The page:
About Coconino County

About Coconino County

Encompassing 18,661 square miles, Coconino County, Arizona, is the second largest county in the U.S. but one of the least populated. Our county includes Grand Canyon National Park, the Navajo, Havasupai, Hualapai and Hopi Indian Reservations, and the largest contiguous ponderosa pine forest in the world. Elevations range from 2,000 feet above sea level along the Colorado River to 12,633 feet at the summit of Mt. Humphreys in Flagstaff.

Wandering in Pokhara

I can't just sit around. I need to move and explore, no matter how steamy hot it is. If I don't get a good walk in each day, I'll go bonkers. Besides, I'm in Nepal; I have to get out and see what I can see.

So I left the house without a plan and started wandering. It was around noon, time for resting during the hottest part of the day. But I was fidgety. Phulmaya, Jith's wife, offered me an umbrella for the sun, but, foolishly perhaps, I declined. I rubbed some sunscreen on my already sweaty face and arms and went on my way.

Maybe my lack of an umbrella was one reason I was giggled at on the street--a silly foreign girl wandering aimlessly without protection from the sun. Occasionally, someone would call to me in English from a shaded porch and ask, "Where are you going?" I would shrug, point, and say, "I don't know, that way," and people watching would laugh some more. Boy, did I feel like a dork.

I saw a group of children and adults gathered around, watching something. So I went over to look, too. A man and woman were seated (well, squatting more like) under an umbrella at the side of the road, casting small metal sculptures. I enjoyed watching the process, and as I watched all eyes turned to watch me. I smiled, but no one smiled back. I said hello, but no one answered. I tried "Namaste," but nope. Nothin'. So I watched for a while longer then slipped away. I could feel eyes on my back as I left. Wow, that was kind of awkward.

I passed small corn fields and rice paddies and hillocks of dried rice plants. I saw people sitting outside, bathing with cloths as they ladled water over themselves from barrels and buckets. Women washed dishes and clothing in the roadside ditches. Others walked with baskets on their backs. So, see, I wasn't the only one walking during the hottest part of the day ... but I suppose they were actually going somewhere.

I passed some larger, gated homes—homes of the rich, Ingo later said--all taller than Pokhara’s two-story maximum, a law that’s apparently not being enforced, especially with all of the political turmoil that’s been going on in Nepal for so long. Who has time to pay attention to such things? Ingo says that higher than two stories is very dangerous, because a 6.5 earthquake will surely bring them down. And he says that Nepal is due for a big one.

I stopped to photograph a pretty field and some simple and, in my view, quaint buildings with the foothills in the background. A woman called to me from the other side of the stone wall. “Namaste! Namaste!” Then she said something else in Nepali that of course I didn’t understand. So, silly me, I just nodded.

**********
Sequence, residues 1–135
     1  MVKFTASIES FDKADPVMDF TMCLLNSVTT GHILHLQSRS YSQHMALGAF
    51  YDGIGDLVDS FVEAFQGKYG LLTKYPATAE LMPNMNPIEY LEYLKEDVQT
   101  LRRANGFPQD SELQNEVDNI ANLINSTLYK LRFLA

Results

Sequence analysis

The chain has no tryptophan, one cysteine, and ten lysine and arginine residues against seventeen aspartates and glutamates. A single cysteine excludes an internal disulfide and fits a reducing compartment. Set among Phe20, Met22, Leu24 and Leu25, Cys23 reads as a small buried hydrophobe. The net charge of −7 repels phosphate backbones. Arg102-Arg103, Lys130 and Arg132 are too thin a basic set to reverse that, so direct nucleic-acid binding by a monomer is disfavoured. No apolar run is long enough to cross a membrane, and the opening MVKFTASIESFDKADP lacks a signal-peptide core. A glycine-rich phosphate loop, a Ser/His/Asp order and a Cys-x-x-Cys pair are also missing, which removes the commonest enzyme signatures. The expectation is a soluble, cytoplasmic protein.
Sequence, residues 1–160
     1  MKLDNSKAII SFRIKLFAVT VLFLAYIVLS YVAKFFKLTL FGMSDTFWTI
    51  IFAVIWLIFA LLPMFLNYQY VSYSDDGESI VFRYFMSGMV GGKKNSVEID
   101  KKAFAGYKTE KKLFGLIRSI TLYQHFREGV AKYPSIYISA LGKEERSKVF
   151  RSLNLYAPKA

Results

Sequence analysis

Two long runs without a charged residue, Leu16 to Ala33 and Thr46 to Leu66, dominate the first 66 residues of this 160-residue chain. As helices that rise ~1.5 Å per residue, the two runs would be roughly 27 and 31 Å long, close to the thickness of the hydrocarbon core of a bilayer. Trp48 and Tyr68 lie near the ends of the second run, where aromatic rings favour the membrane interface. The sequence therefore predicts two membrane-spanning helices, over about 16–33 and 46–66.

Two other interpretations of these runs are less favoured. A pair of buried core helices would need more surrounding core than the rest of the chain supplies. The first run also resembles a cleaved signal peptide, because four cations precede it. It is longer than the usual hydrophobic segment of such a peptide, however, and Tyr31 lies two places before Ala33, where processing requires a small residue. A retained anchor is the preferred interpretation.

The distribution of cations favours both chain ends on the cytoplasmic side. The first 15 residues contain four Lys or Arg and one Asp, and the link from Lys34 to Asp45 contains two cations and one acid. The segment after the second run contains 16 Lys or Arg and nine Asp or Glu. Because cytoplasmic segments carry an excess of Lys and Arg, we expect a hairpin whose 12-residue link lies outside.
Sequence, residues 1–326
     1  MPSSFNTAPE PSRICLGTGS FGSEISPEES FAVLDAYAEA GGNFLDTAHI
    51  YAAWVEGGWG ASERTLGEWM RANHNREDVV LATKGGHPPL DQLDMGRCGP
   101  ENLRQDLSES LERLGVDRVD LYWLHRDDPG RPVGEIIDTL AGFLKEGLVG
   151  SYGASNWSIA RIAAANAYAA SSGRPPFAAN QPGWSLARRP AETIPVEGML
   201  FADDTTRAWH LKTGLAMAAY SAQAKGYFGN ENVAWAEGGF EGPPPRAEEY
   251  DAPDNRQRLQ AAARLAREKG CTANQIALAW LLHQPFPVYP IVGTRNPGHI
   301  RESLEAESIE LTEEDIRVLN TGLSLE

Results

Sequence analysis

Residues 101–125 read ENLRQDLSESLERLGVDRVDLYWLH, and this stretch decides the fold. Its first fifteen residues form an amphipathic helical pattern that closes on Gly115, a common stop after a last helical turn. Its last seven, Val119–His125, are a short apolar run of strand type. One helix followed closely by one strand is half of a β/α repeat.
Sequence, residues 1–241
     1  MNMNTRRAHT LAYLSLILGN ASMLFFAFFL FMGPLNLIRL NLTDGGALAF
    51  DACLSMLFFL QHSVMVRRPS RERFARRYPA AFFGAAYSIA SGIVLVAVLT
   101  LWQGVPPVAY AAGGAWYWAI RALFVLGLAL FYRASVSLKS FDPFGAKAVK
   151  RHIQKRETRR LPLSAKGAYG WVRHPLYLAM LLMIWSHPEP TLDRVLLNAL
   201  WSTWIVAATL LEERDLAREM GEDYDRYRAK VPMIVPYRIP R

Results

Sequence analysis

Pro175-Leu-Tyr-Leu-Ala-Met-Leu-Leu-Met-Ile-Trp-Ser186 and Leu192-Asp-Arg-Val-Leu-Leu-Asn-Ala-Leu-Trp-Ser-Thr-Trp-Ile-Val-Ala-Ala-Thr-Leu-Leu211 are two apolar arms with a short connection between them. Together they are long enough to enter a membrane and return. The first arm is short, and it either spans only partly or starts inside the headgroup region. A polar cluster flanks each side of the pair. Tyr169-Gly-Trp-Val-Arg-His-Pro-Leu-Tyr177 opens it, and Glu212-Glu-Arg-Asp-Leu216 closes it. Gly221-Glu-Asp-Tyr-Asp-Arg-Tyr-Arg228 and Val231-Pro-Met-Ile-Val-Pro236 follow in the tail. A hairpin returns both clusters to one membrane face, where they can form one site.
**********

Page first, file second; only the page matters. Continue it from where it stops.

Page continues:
“Very pretty,” I said, gesturing towards the scene I’d photographed. “This is yours?” Kind of a dumb question, I thought, and figured she didn’t understand me anyway. But she continued talking. And I continued smiling and nodding. It was a funny, rather one-sided conversation.

Not knowing what else to do, I pointed to myself and said, “Deb.” Then I pointed to her. “Sada,” she said. Of course, she had to repeat it three times until my ear caught on. Amazing how difficult it is for me to understand even simple names. When I finally said it correctly, she smiled. Then she put two fingers to her lips, not like holding a cigarette but with the fingertips touching. Hmm. Several people had done that to me already. Sada then pointed towards her house. “You want me to come in?” I asked, unsure of what I was supposed to do. Sada smiled some more, then turned around and went inside. Um ... do I open the gate and follow her? I decided against it. Maybe she meant SHE was going in to eat.

Later, when I described the gesture, Ingo told me people were asking if I needed food or water. Wow ... cool. How nice. He also told me that the word I'd heard some children add after "namaste" was actually an insult. Oh. Apparently some of the higher caste Nepalis (like the Brahmins) aren't too fond of foreigners, and they teach this to their children.

Anyhow, what else did I see on my walk? Well, I saw people napping on their porches and others gathered, talking, in the shade. And I saw water buffalo, which pretty much have free reign unless they happen to be tethered. I saw two bulls doing the head-butting thing.

After about two hours of wandering, I arrived back at the house, also the temporary office of the HRDSN, which, by the way, is rented. (Ingo, Jith, Phulmaya and four boys--and currently me also--occupy the second and third floors. The owner and his wife are on the first floor. Soaked to the skin, I took off my sneakers, peeled off my socks, and went up to the third floor for a much-needed cold shower. Sometimes lack of hot water isn't an issue at all.

Okay, well, time to go see if Ingo is awake after his midday nap. If so, I need to bug him to continue with the HRDSN story. When you get him started, though ... boy, can he tell a story!

FYI: An American girl has recently been reported missing in Nepal. Her family has contacted Ingo, so I'll keep you posted. Read the story: CU-Boulder Graduate Aubrey Sacco Missing in Nepal